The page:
Planning ahead to celebrate birthdays, graduations, retirements and anniversaries can be an important touchstone and meaningful part of a family’s legacy. With plenty of advance notice, the odds increase that more family members will be able to take part in the fun. Consider a cruise, a dude ranch or an all-inclusive resort for your gathering. You’ll find a long list of intriguing itineraries and appealing destinations from which to choose. With activities to engage every generation, food choices to suit the pickiest eater (and plenty of volume to satisfy hungry teens) you’re sure to see smiles all around. Separate sleeping quarters provide the privacy and flexibility required for early birds, nappers and night owls.
Rock Star Relatives
Are you an amazing aunt, an unbelievable uncle or a cool cousin? Perhaps your birdlings have flown the nest or your own kids have fur and four legs. Either way, you may want to join the increasing number of relatives choosing to explore the world with youngsters as their trusty travel companions. Share your passion to fish or hike, learn a new skill together or plan a mutually engaging adventure to a National Park or a far-off land. You’re certain to return with a deeper bond and memories to share for a lifetime.
The true value of a family gathering has less to do with boarding a snazzy cruise ship or checking in to a faraway resort. That option might not be in the cards for your crew right now. It’s more about the quality of a shared experience. So, whether you are planning a small gathering in a state park picnic area or a mass meeting of the clan, organization will be key. Gather input regarding a budget, destination and lodging preferences, activities and meal planning. Get a date on the calendar as soon as possible. Communicate well and often. Keep your sense of humor at the ready and be grateful that at least some portion of your family is eager to spend time together.
With relatives spread far and wide, our best friends often become “like family”. Traveling with another crew, particularly one with children of similar ages and interests, can be fun and festive. Still, proper planning can go a long way toward keeping relationships and expectations intact. Family groups often choose to share a ski cabin, beach house, or urban condo. That can mean divvying expenses, transportation, room assignments, cleaning and cooking.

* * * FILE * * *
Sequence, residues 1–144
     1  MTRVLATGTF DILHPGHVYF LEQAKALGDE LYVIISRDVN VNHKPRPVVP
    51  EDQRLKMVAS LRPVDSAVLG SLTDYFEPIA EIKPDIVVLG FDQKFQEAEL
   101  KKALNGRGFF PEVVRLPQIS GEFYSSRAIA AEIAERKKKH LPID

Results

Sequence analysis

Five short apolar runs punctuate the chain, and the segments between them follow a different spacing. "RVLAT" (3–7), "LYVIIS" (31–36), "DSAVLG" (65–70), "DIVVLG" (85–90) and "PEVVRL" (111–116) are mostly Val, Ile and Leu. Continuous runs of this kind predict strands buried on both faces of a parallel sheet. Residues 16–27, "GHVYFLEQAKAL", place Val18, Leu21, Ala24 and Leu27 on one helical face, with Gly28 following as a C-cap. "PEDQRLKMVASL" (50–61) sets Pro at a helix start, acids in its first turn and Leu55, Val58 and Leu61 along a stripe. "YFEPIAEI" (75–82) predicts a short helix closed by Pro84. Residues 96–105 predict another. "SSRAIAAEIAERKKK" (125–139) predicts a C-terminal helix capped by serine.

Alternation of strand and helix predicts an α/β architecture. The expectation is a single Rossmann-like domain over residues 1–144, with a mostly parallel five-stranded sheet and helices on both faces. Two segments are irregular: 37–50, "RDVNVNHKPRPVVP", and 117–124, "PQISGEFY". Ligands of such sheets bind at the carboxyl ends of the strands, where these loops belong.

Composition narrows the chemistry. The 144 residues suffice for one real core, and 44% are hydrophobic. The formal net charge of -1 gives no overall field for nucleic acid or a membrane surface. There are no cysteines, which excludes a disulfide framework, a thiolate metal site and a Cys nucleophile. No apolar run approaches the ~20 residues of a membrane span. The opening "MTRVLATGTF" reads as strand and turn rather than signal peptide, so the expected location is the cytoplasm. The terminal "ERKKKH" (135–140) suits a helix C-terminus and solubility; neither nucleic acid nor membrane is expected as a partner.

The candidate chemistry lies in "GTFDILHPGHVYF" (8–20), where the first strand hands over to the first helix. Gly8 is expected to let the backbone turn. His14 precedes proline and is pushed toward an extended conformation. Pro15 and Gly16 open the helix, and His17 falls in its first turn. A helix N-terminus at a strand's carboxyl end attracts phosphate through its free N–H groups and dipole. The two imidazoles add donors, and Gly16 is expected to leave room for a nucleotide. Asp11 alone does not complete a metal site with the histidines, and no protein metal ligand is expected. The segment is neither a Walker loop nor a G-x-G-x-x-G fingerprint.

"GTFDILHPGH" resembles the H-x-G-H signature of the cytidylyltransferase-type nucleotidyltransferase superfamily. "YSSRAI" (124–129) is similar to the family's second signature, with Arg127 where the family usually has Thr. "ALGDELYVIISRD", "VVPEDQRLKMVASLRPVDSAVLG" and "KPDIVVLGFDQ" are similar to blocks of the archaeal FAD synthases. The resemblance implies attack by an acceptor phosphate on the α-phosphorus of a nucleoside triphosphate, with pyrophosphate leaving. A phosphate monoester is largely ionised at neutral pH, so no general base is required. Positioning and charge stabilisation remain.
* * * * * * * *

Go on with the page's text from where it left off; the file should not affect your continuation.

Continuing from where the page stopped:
Avoid misunderstandings about how time and resources will be allocated with a clearly defined plan before your holiday gets underway. No matter how much you enjoy your vacation buddies, carve out private time with your own family. You’ll be glad you did.
Upscale Americans are seeking adventures in less-visited destinations from Latin America to the Middle East to off-the-beaten-path Europe this fall and holiday season, according to new data from global luxury travel network Virtuoso® Known as a respected trend forecaster, Virtuoso reviewed figures from its warehouse of more than $49.5 billion in transactions to compile the most in-demand locales for the coming fall and holiday season.
The Virtuoso Top 10:
The most popular fall and holiday destinations for Americans according to future bookings.
1. United States
3. United Kingdom
5. South Africa
Behind the trend:
With such a diversity of destinations and experiences at home, Americans increasingly choose to travel domestically for the holidays. Europe’s appeal as a summer destination extends into fall, with five countries on the list. Italy, France and Germany repeat from last year; the latter is especially popular with river cruisers for its celebrated Christmas markets.
Japan, the “it” country that topped the list of emerging destination in the 2019 Virtuoso Luxe Report, appeals to travelers from adventurers to culinary enthusiasts. Two other fall and holiday favorites, South Africa and Israel, repeat from last year’s list, beckoning families seeking trips of a lifetime at the festive season.
The Virtuoso Hot 10:
The countries that have experienced the largest increases by percentage in year-over-year bookings among U.S. travelers.
1. Uruguay (+286%)
2. Maldives (+171%)
3. Malta (+140%)
4. Romania (+135%)
5. Egypt (+122%)
Behind the trend:
The Virtuoso Luxe Report determined the prevailing travel motivator for 2019 is exploring new destinations, and U.S. travelers are seeking fresh adventures amidst the fairytale castles of Romania, historic sites of Malta and fjords of Norway. Uruguay’s award-winning wineries, pleasant climate, and adventure opportunities make it a sought-after destination for the season.
The Middle East remains popular, with Egypt and Qatar enticing visitors with less-explored cuisines, bustling markets, and desert excursions, while Puerto Rico and the Maldives provide beach retreats for relaxation-focused travelers.
Data is drawn from Virtuoso’s U.S. agency members and reflects travel bookings for September through December 2019.
Cowgirls, take note!
The National Cowgirl Museum and Hall of Fame has acquired and added sharpshooter Annie Oakley’s needlework belt to its permanent collection. The belt is on display in the Hitting the Mark: Cowgirls and Wild West Shows exhibition, which illuminates the many female performers who contributed to these spectacularly popular outdoor events.
The belt was created during her third European tour in 1891. Oakley would often do needlework in her tent between performances. This belt has the tour year, “1891,” and her initials “AO,” on opposite ends of the belt. It measures roughly 22 inches in length, which would be equivalent to a size 1 or 2 today.